By D. Nurkse D. Nurkse
We gave our dogs a button to sniff,   
or a tissue, and they bounded off   
confident in their training,   
in the power of their senses   
to recreate the body,   

but after eighteen hours in rubble   
where even steel was pulverized   
they curled on themselves   
and stared up at us   
and in their soft huge eyes   
we saw mirrored the longing for death:   

then we had to beg a stranger   
to be a victim and crouch   
behind a girder, and let the dogs   
discover him and tug him   
proudly, with suppressed yaps,   
back to Command and the rows   
of empty triage tables.   

But who will hide from us?   
Who will keep digging for us   
here in the cloud of ashes?

Source: Poetry (September 2002).


This poem originally appeared in the September 2002 issue of Poetry magazine

September 2002
 D.  Nurkse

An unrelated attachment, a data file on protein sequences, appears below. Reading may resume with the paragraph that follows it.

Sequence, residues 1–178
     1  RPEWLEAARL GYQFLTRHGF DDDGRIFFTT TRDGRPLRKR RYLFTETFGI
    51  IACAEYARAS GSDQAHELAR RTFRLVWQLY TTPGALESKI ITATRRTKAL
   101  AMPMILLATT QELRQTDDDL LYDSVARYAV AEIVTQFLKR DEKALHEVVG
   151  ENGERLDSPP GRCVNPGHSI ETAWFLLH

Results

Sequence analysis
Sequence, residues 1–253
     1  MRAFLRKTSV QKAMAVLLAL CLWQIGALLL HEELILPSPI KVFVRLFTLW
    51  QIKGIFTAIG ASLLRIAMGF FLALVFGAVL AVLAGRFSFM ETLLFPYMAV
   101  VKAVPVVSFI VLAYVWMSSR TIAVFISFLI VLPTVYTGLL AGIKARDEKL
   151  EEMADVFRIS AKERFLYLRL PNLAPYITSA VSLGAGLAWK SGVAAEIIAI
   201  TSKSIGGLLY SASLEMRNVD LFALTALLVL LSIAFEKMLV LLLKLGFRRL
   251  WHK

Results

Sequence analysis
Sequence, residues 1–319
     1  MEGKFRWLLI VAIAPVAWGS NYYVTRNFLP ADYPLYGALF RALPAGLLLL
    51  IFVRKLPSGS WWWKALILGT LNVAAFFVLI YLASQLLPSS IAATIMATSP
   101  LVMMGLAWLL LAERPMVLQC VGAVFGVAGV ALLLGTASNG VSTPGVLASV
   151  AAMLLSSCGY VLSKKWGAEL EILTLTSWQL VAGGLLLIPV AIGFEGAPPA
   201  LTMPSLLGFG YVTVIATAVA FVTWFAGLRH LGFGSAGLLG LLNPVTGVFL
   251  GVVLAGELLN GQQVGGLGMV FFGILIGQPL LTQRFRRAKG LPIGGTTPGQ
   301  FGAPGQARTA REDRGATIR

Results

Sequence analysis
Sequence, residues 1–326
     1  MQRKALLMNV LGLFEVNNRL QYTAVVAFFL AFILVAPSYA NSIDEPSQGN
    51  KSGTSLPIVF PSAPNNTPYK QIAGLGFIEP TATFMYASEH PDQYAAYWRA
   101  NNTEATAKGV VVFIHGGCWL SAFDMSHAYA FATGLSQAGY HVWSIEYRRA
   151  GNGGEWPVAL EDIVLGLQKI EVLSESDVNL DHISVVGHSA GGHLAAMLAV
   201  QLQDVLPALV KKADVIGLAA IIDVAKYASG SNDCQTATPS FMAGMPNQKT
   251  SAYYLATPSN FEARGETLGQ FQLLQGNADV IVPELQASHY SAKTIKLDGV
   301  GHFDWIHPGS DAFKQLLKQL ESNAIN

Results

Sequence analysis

D. Nurkse is the author of numerous collections of poetry, including The Rules of Paradise (2001), The Fall (2003), and The Border Kingdom (2008). His parents escaped Nazi Europe during World War II—his Estonian father worked for the League of Nations in Vienna, his mother was an artist—and moved to New York. Nurkse’s family moved back to live in Europe for a number of years, returning to the United States around the time of the . . .

Continue reading this biography

Poem Categorization

SUBJECT The Body, Social Commentaries, Disappointment & Failure, Living, Crime & Punishment, Pets, Nature, Relationships

POET’S REGION U.S., Mid-Atlantic

Poetic Terms Free Verse, Metaphor

Report a problem with this poem

Your results will be limited to content that appeared in Poetry magazine.

Search Every Issue of Poetry

Originally appeared in Poetry magazine.

This poem has learning resources.

This poem is good for children.

This poem has related video.

This poem has related audio.